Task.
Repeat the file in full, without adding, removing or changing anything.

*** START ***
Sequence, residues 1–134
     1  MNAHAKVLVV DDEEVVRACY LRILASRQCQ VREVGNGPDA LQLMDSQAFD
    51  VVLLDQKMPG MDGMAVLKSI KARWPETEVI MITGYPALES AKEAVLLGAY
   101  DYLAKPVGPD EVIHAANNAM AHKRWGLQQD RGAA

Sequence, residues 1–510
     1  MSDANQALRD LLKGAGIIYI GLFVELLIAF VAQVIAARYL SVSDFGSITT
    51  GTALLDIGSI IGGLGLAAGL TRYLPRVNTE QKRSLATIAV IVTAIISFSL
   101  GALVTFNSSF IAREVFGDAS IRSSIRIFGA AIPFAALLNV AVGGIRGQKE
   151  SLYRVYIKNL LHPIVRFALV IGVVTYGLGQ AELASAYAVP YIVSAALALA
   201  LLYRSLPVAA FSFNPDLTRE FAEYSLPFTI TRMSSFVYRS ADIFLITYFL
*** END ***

Sequence, residues 1–134
     1  MNAHAKVLVV DDEEVVRACY LRILASRQCQ VREVGNGPDA LQLMDSQAFD
    51  VVLLDQKMPG MDGMAVLKSI KARWPETEVI MITGYPALES AKEAVLLGAY
   101  DYLAKPVGPD EVIHAANNAM AHKRWGLQQD RGAA

Sequence, residues 1–510
     1  MSDANQALRD LLKGAGIIYI GLFVELLIAF VAQVIAARYL SVSDFGSITT
    51  GTALLDIGSI IGGLGLAAGL TRYLPRVNTE QKRSLATIAV IVTAIISFSL
   101  GALVTFNSSF IAREVFGDAS IRSSIRIFGA AIPFAALLNV AVGGIRGQKE
   151  SLYRVYIKNL LHPIVRFALV IGVVTYGLGQ AELASAYAVP YIVSAALALA
   201  LLYRSLPVAA FSFNPDLTRE FAEYSLPFTI TRMSSFVYRS ADIFLITYFL